Helping Elders Learn New Technology


We tend to take the technology in our world for granted, until we realise how recently these developments have been made. The world wide web, for instance was released for public use only in 1993 and telecommunication has evolved exponentially since then. A mere 60 years ago, most of the technology we use today were not only nonexistent, but most people would also not have been able to imagine that such devices could be made. It is natural for elderly adults to find it difficult to keep up with the rapid changes that take place in technology, and it is our responsibility to help them along.

A whole new world

Elderly adults face issues related to isolation and loneliness as they feel left behind in a world that seems to be only interested in the future. Helping them learn how to use technology can open up a whole new outlet for their creativity, keeping them engaged with productive activities throughout the day. They will also find it easier to stay in touch with family members, especially if they are staying a considerable distance away. Activities like maintaining a blog can help senior citizens use their vast experience and knowledge to guide other people in a particular field, a mutually beneficial proposition for everyone involved.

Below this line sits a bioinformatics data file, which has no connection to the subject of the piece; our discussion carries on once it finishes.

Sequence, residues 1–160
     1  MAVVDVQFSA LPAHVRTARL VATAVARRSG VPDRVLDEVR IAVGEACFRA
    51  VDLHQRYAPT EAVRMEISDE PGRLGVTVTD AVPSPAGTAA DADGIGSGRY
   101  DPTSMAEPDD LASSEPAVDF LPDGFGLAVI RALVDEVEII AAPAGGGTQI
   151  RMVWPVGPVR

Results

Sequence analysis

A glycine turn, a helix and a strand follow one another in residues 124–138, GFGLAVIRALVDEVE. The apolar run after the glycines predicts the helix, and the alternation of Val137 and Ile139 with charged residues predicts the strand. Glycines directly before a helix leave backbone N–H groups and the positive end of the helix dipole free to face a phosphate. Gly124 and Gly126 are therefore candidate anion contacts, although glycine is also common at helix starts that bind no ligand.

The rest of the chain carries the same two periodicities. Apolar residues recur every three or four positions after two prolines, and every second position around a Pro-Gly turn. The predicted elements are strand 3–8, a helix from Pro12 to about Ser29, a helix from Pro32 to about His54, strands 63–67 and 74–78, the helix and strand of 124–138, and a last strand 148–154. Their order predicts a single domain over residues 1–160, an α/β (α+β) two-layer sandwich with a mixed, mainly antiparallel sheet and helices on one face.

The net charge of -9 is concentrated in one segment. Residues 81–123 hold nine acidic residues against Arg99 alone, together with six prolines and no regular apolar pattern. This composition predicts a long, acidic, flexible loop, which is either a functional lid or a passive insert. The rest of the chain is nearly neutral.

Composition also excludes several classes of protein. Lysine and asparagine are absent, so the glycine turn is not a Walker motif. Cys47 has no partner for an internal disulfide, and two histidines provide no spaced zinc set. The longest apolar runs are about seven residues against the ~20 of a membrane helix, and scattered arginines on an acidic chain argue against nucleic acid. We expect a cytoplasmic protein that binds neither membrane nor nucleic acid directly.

The process of learning something new

Various studies have shown that making the effort of learning something new, such as a foreign language or a musical instrument, can open up new pathways in the brain and keep it functioning well for a longer time. Certain studies have even proved that people who learn something new frequently have lesser chances of developing illnesses such as Alzheimer’s or dementia. When it comes to technology, elderly people not only find it easier to communicate with the younger generation, but also function more effectively in today’s world.

Challenges along the way

Elderly adults may suffer from challenging issues like hearing loss, vision problems or even technological anxiety that keeps them away from computers and cellphones. Also, their ability to grasp something new is diminished, as compared to the youth, and they require plenty of repetition and support to achieve progress. However, it is not impossible. With some effort contributed by everyone involved, aging adults can slowly learn how to tame the technology of today. And once they learn how to use computers, cellphones and tablets, they will find it easier to survive in the connected world of today.

Sage Health Systems

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